CD11c also marks another subset of CD11c+/CD1c− DCs, which we have termed “inflammatory dermal DCs”, or, in the case of psoriasis, “TIP-DCs” (TNF and iNOS-producing DCs) [21], [31]. In this study, we saw a remarkable rise in the number of CD11c+ DCs in the leading edge of vitiligo skin, which contained enhanced populations of both CD1c+ and CD1c− DCs (Fig. 2B). This result is different from the observations we made in other disease models, including psoriasis and squamous cell carcinoma, where the CD11c+ CD1c+ DC population stays relatively unchanged in number, but the CD11c+ CD1c− DC population shows a dramatic expansion [32].

More mature/activated Langerhans cells and dermal DCs are found in leading edge vitiligo skin

We also stained for HLA-DR+ and DC-LAMP+ cells across the three groups of vitiligo skin biopsies (i.e. lesional, non-lesional, leading edge) (Fig. 2D&E). Our staining showed regular distributions of Langerhans cells in the suprabasal layers of the epidermis in almost all vitiligo biopsies, and the highest number of DC-LAMP expressing cells was found in leading edge skin. The expression of HLA-DR was higher on dendritic cells in the epidermis, suggesting that Langerhans cells in the depigmenting lesions are more activated compared to non-lesional skin (Fig. 2D). Increased numbers of HLA-DR+ cells were recorded in leading edge (p<0.0358) and lesional biopsies. Aggregates of DC-LAMP+ cells were seen at dermal-epidermal junctions in leading edge skin, and their numbers were noticeably higher than that of non-lesional (p<0.046) or depigmented lesional skin (Fig. 2E). Scattered CD83+ cells with dendritic morphology were found in the upper dermis and epidermis of vitiligo biopsies, including non-lesional, leading edge and depigmented. Some CD83+ cells are located in the epidermis, consistent with LC maturation It is important to note that normal skin does not contain this CD83+ cell population. (Figure S3). For negative controls, mouse IgG1, IgG2a and IgG2b were applied to leading edge vitiligo skin sections at the same concentration as primary antibodies of the same isotypes, and immunohistochemistry micrographs are shown in Fig. 2F. Prior to performing immunohistochemistry staining on vitiligo biopsies, all primary antibodies used in Fig. 2 were tested on psoriasis lesional and non-lesional skin for their reactivity and specificity (Fig. S4). The staining patterns of the antibodies listed in Table S1 on Langerhans cells and dermal DCs of psoriatic skin were consistent with data published in previous reports [19], [33].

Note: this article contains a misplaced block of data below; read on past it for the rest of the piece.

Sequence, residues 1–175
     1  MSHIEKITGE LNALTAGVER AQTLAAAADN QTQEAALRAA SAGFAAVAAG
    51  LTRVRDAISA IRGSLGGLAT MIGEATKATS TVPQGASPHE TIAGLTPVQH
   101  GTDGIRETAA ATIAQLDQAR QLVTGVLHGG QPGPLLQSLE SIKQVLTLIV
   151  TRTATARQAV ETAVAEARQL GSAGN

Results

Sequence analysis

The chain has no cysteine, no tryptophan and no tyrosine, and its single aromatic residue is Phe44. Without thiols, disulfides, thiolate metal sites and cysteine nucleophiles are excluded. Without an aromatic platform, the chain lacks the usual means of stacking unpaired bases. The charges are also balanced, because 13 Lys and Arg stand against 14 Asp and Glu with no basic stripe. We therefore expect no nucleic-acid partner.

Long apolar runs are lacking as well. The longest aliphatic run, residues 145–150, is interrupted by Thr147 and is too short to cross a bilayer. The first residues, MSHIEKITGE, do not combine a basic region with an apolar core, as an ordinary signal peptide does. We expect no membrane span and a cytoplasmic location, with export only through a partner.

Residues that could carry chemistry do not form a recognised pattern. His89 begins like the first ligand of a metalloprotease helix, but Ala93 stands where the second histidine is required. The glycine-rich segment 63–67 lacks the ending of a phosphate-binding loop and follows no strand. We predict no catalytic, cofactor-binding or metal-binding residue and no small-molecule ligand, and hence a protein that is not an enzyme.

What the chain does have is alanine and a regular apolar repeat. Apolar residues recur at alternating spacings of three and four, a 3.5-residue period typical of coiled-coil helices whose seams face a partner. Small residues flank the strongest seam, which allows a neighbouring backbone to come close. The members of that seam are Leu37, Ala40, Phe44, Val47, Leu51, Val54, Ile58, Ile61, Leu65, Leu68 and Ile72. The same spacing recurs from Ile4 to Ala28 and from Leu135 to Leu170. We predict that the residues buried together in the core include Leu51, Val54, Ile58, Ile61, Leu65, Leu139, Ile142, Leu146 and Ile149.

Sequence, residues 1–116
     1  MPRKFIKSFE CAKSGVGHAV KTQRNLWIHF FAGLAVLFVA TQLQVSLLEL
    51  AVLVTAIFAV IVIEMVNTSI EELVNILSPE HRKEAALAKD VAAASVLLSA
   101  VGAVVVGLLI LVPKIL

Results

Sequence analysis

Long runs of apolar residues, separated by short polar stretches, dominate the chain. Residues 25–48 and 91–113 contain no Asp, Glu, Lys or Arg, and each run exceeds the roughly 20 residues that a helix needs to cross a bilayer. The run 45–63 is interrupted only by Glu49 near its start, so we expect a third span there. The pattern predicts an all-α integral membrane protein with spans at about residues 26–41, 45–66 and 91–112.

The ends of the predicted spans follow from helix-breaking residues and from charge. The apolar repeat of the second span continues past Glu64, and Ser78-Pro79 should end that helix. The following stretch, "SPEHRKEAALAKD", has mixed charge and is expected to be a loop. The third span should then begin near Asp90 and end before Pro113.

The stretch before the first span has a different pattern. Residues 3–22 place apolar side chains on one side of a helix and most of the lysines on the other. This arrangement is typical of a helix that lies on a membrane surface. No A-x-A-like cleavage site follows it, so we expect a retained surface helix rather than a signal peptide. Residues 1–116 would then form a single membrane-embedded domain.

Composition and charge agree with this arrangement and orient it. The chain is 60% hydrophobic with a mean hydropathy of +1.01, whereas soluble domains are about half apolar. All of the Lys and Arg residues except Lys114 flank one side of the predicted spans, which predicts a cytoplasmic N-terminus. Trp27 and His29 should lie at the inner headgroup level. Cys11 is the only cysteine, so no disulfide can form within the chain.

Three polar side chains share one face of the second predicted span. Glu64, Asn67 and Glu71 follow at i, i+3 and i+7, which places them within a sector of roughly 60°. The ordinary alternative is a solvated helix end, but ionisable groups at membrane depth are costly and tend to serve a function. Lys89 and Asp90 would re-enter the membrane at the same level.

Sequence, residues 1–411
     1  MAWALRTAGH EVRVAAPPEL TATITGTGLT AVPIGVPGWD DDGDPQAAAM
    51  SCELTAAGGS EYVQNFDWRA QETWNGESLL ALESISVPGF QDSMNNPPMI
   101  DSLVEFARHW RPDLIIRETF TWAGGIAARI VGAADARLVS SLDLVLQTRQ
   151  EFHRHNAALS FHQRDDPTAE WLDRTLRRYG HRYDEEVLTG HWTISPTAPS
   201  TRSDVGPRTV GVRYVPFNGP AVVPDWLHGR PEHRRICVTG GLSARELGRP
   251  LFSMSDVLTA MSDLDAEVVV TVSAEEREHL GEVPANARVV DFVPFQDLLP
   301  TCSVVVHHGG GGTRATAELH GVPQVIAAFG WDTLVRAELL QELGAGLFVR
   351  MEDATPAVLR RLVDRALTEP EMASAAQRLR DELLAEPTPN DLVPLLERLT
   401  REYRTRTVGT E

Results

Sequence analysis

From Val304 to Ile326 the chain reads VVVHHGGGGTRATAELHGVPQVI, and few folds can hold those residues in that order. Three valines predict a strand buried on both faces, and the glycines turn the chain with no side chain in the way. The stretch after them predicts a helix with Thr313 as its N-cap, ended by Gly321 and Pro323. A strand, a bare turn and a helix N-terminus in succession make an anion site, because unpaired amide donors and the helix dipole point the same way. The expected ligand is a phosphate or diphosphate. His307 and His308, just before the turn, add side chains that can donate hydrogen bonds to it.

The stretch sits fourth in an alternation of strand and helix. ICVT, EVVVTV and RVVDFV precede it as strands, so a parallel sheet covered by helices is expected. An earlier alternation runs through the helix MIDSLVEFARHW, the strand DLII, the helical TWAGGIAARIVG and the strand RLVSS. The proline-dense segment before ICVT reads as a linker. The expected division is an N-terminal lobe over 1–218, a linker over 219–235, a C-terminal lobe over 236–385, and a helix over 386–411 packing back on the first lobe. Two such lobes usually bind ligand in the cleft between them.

NALP-1 positive Langerhans cells are found in lesional vitiligo skin

NALP-1 is part of the cytoplasmic complexes called inflammasomes that regulate the activation of caspases, which in turn convert the proinflammatory cytokines (e.g. IL-1ß) into their active forms [34]. Ying Jin and colleagues showed that variants of NALP-1 may confer susceptibility to autoimmune and autoinflammatory diseases that are associated with vitiligo [35], [36]. Here, immunohistochemical staining of NALP-1 shows that the leading edge vitiligo biopsies contained higher numbers of NALP-1 positive epidermal cells compared to depigmented lesional and pigmented nonlesional skin (Fig. 3A&B, p<0.05). We also performed double immunofluorescence staining of NALP-1 and CD207/Langerin on vitiligo biopsies (Figure S5). NALP-1 co-localized with CD207/Langerin, the Langerhans cell marker, in the epidermal region of leading edge vitiligo skin. NALP-1 bearing Langerhans cells appear as orange dots in merged images (Fig. 3C), and more noticeable colocalization of NALP-1 and CD207/Langerin were found in leading edge vitiligo skin. Double immunofluorescence staining of NALP-1 and HLA-DR also showed higher numbers of activated HLA-DRhigh Langerhans cells with positive NALP-1 expression in the epidermis of leading edge vitiligo skin (Fig. 3D).

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Figure 3. NALP-1 positive Langerhans cells are found in lesional vitiligo skin.